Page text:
How does the sensitivity, specificity, and precision of cardiac troponin assays vary?

Updated: Jul 30, 2021
  • Author: Kamal (Komo) Gursahani, MD, MBA; Chief Editor: Barry E Brenner, MD, PhD, FACEP  more...
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The sensitivity, specificity, and precision of the different commercially available troponin assays vary considerably. These differences are related to a lack of standardization, the use of different monoclonal antibodies, the presence of modified TnI and TnT in the serum, and variations in antibody cross-reactivity to the myriad detectable forms of TnI that result from its degradation.

At present, the 99th upper reference limit of cardiac troponin is still the best-established criterion for the diagnosis of acute MI. [18, 19] Only one manufacturer produces the TnT assay, and its 99th percentile cutoffs and the 10% CV are well established. However, up to 20-fold variation has occurred in results obtained with the multitude of commercial TnI assays currently available, each with their own 99th percentile upper reference limits and 10% CV levels.

In the Global Utilization of Streptokinase and Tissue Plasminogen Activator for Occluded Coronary Arteries (GUSTO) IV study, a relatively insensitive point-of-care TnI assay was used to screen patients for study eligibility. In a subsequent study, the blood samples were reanalyzed using the 99th percentile cutoff of a far more sensitive central laboratory TnT assay. [20] The more sensitive 99th percentile cutoff of this TnT assay identified an additional 96 (28%) of 337 patients with a positive TnT result but negative point-of-care TnI; these patients had higher rates of death or MI at 30 days. [20]

In a similar reanalysis of the TACTICS-TIMI 18 trial, three different TnI cutoffs were compared on 1821 patients to evaluate the 30-day risk of death or MI: the 99th percentile, 10% CV, and the World Health Organization (WHO) acute MI cutoffs. [21, 22] (The WHO cutoffs define acute MI using creatine kinase-MB [CK-MB] and report troponin levels as either a higher “acute MI level” or a lower “intermediate level” that is correlated with “leak” or “minor myocardial injury.”)

Using the 10% CV cutoff identified, an additional 12% more cases were identified relative to the WHO acute MI cutoff. The 99th percentile cutoff identified an additional 10% of cases relative to the 10% CV cutoff, as well as a 22% increase in the number of cases over the WHO acute MI cutoff. Nevertheless, the odds ratios for the adverse cardiac event rates of death or MI at 30 days were similar for all three cutoffs, suggesting that the lower cutoffs detected more patients with cardiovascular risk without sacrificing specificity. [21, 22]

The American Association for Clinical Chemistry Academy (AACC) (formerly the National Academy of Clinical Biochemistry [NACB]) working with the ACC/ESC guidelines has recommended adoption of the 99th percentile upper reference limit as the recommended cutoff for a positive troponin result. [19, 23, 24] Ideally, the precision of the assay at this cutoff level should be measured by a CV that is less than 10%.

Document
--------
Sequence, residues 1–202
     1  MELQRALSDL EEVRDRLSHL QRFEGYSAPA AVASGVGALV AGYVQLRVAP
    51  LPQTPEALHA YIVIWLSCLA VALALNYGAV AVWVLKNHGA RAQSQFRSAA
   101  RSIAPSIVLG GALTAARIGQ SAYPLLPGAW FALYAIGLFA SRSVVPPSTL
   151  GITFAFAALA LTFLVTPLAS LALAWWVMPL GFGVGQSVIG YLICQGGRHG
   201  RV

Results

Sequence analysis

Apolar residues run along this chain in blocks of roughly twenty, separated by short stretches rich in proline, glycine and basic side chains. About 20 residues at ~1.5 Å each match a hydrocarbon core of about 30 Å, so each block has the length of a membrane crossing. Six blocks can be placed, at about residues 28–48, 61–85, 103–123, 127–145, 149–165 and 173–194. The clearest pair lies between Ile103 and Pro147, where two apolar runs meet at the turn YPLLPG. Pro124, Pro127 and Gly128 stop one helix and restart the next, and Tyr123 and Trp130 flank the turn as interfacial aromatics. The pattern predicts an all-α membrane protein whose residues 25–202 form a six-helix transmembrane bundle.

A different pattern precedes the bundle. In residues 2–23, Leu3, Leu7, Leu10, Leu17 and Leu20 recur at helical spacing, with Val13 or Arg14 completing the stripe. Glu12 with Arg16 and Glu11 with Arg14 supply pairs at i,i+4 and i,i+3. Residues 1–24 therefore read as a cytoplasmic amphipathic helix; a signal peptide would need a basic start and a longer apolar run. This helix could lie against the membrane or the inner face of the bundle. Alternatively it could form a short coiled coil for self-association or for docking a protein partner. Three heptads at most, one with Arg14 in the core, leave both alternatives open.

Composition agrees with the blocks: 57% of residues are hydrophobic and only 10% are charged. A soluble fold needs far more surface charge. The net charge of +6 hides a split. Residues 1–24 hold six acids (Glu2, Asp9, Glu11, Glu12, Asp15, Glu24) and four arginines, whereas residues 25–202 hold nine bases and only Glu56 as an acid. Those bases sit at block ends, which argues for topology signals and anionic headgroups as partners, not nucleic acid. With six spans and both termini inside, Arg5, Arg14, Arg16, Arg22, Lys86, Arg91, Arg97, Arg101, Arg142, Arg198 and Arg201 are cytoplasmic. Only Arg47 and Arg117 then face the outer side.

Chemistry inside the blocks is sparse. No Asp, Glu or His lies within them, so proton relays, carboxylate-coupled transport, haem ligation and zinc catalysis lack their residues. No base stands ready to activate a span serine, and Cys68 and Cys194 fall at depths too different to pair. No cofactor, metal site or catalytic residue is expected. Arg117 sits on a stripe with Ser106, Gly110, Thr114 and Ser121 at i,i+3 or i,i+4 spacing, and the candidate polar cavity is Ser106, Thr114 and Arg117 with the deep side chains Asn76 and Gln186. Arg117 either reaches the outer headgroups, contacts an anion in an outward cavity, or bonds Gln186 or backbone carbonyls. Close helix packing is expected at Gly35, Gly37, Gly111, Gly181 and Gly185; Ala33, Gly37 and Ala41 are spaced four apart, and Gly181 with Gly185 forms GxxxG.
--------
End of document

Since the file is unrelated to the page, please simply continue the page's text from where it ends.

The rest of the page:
However, most TnI assays are imprecise at the 99th percentile reference limit. [25] Some have therefore recommended that the cutoff level be raised to the slightly higher 10% CV level instead of the 99th percentile reference limit to ensure adequate assay precision.

In addition, studies have shown that populations within the 99th percentile reference limit include patients with low troponin levels who nevertheless have an elevated cardiac risk, and that the true 99th percentile cutoff for a healthy patient population is actually a factor of 10-50 lower. Accordingly, these investigations suggest that higher sensitivity or ultrasensitive troponin assays are necessary. [22] A high-sensitivity cardiac troponin (hs-cTn) can quantify lower cardiac troponin concentrations by up to 10 fold lower than conventional assays while also detecting measurable cardiac troponin values in over 50% of healthy subjects. These tests are very precise in that their CV is below 10% at the 99th percentile upper reference limit. Therefore, the advantage of ultrasensitive troponins is based on the premise that lower cutoff levels achieve higher sensitivity that will allow earlier diagnosis, often within 90 minutes of presentation. High-sensitivity troponins confer additional clinical benefits in that they help detect myocardial injury due to acute ischemia earlier, sometimes before a larger infarct occurs. [26]

Cardiac Markers. This graph describes the improved Cardiac Markers. This graph describes the improved sensitivity of the cardiac troponin assay. Whereas conventional cardiac troponin assays could detect the red region in patients with myocardial necrosis, the newer high-sensitivity assays can detect people with myocardial injury, early onset myocardial infarction, and baseline cardiac troponin levels in 50% of healthy patients. Courtesy of Oxford University Press [Park KC, Gaze DC, Collinson PO, Marber MS. Cardiac troponins: from myocardial infarction to chronic disease. Cardiovasc Res. 2017 Dec 1;113(14):1708-18. Online at]

Additionally, the introduction of hs-cTn assays into practice necessitates serial measurements to differentiate a number of previously mentioned disease states that cause myocardial injury. [27]

Of note, the 99th percentile upper reference limit has been shown to differ between men and women when measured with high-sensitivity assays. [19, 23, 24, 28]

To optimize use of the assay in the emergency department (ED), it is important to be familiar with the particular troponin assay available in the individual laboratory and to know whether the cutoff is set at the 10% CV level or at the 99th percentile upper reference limit.

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